Oklahoma Governor Signs Bill Requiring Marking Of Temporary Towers

Friday, May 30th 2014, 12:01 pm
By: Richard Clark

Governor Mary Fallin has signed a bill that will require the marking and registration of temporary meteorological towers in Oklahoma.

The governor signed House Bill 3348 into law on Wednesday, May 28, 2014. The law gives the Oklahoma Aeronautics Commission the authority to require marking and registering any tower used for anemometers that is 50 feet or taller.

The new law grants the commission the authority to determine the best method for making anemometer towers more visible. The Federal Aviation Administration already requires towers that are 200 feet or taller to be marked, but there's no federal requirement for towers that are shorter than that.

The towers are also known as Meteorological Evaluation Towers or METs for short. Most of them are used by energy companies to determine the feasibility of building windmill farms.

The governor had vetoed a similar bill -- Senate Bill 1195 -- in April, because it would have enacted criminal penalties for violations.

4/29/2014: Related Story: Governor Fallin Vetoes Bill Requiring Registration Of Temporary Towers

"It's really a simple matter: higher visibility saves lives. This new law will make it easier for all aircraft that fly at lower altitudes to see these wind evaluation towers and their attendant guy wires during daylight hours. The easier they are to see, the faster they can be avoided. We've already lost too many lives from low-level impact with these towers, and this new law will help correct that," said Oklahoma Aeronautics Director Victor Bird, in a news release.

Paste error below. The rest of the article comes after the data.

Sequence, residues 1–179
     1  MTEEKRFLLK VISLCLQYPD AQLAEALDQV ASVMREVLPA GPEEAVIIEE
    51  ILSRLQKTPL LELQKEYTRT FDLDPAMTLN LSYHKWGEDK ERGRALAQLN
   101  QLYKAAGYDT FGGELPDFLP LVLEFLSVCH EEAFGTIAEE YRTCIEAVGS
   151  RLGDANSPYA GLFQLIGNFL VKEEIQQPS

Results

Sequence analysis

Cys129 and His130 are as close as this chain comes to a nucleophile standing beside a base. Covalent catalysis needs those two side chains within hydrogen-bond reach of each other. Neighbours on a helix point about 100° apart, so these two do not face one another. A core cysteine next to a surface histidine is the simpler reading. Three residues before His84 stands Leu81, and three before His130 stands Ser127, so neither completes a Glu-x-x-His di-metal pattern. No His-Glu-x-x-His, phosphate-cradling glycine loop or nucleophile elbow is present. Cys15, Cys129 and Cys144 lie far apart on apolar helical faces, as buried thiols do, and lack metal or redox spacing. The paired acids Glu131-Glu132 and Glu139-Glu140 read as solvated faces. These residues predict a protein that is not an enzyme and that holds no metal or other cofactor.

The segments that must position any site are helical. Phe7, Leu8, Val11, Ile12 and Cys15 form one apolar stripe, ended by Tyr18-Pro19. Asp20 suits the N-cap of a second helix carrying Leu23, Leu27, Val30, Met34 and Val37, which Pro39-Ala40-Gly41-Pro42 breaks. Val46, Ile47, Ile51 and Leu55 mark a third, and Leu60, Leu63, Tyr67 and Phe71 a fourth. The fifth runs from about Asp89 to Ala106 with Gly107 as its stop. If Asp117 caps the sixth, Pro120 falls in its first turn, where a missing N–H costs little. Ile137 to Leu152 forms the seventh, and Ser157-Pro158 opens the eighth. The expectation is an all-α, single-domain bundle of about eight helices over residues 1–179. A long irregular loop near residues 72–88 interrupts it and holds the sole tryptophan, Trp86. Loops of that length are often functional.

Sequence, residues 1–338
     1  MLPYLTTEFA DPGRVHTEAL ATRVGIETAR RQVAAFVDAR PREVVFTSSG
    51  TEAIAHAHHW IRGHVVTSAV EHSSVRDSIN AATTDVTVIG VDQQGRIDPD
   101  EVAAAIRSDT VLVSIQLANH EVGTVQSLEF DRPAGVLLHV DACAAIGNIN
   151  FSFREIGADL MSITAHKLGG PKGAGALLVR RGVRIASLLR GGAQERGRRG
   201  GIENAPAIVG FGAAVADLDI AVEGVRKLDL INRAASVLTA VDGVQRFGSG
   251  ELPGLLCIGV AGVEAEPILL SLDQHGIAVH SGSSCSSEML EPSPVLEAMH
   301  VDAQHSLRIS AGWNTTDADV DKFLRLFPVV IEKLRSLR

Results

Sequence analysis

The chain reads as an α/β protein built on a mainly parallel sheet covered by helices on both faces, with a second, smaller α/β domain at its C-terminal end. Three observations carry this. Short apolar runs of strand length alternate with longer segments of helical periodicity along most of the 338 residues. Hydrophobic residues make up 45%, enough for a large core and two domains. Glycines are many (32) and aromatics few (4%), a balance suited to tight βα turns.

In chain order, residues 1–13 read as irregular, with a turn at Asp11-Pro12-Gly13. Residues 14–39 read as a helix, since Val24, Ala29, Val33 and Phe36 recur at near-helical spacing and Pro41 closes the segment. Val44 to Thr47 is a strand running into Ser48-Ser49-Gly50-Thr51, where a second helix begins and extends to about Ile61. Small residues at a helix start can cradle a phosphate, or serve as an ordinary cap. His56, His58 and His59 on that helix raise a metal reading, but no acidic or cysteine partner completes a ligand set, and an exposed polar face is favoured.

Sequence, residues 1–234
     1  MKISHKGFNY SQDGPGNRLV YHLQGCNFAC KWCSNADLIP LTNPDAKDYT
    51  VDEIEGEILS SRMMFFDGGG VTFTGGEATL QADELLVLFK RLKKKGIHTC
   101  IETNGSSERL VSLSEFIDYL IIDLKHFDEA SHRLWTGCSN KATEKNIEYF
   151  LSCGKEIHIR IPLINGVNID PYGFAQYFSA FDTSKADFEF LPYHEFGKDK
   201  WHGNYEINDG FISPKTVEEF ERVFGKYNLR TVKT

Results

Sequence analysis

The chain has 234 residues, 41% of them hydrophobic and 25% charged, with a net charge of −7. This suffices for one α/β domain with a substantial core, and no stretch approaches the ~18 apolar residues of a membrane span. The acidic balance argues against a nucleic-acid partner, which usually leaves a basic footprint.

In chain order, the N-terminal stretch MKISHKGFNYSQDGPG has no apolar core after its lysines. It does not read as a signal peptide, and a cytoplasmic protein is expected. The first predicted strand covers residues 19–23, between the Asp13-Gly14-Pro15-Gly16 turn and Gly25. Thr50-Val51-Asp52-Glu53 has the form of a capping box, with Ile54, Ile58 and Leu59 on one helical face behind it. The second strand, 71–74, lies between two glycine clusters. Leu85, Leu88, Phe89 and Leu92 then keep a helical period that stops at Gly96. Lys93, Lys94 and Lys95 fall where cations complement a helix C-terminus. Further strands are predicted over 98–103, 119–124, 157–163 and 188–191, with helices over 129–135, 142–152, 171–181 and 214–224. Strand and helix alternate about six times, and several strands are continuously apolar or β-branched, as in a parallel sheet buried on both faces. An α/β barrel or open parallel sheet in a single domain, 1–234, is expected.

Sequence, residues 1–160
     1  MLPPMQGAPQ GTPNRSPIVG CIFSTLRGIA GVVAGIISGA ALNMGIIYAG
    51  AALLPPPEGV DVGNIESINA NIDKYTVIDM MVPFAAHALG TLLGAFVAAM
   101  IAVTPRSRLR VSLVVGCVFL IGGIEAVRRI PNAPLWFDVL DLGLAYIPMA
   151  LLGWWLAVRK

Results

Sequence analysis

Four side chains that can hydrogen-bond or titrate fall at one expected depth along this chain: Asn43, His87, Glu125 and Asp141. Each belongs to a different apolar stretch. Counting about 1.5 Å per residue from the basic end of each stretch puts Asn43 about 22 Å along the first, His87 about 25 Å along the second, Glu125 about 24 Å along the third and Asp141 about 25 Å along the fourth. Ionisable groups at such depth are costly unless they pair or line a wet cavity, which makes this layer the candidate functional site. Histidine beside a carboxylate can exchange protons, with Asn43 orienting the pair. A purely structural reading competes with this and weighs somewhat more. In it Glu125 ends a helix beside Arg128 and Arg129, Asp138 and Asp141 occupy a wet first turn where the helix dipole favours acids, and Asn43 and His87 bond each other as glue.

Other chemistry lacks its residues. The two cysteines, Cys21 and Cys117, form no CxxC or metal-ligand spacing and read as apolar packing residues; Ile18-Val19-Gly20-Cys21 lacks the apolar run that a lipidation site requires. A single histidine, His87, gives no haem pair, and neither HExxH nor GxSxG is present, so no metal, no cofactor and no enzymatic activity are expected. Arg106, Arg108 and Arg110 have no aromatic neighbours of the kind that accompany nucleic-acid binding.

The effort to require marking and registering METs in Oklahoman gathered momentum after the death of a crop dusting pilot last August.

3/24/2014: Related Story: NTSB: Fatal Oklahoma Crop Dusting Crash Illustrates Dangers Of Temporary Towers

Jason Martin, 34, died when his airplane hit a MET on August 5, 2013 in the eastern end of the Oklahoma panhandle.

The crash once again prompted the National Transportation Safety Board to warn several agencies and organizations about the dangers the towers pose to low-flying aircraft, including crop dusters, medical and law enforcement aircraft.

The law goes into effect on November 1, 2014. All towers erected after that date will have to be marked and registered. Towers erected before that date will be exempt for a year.

Read House Bill 3348.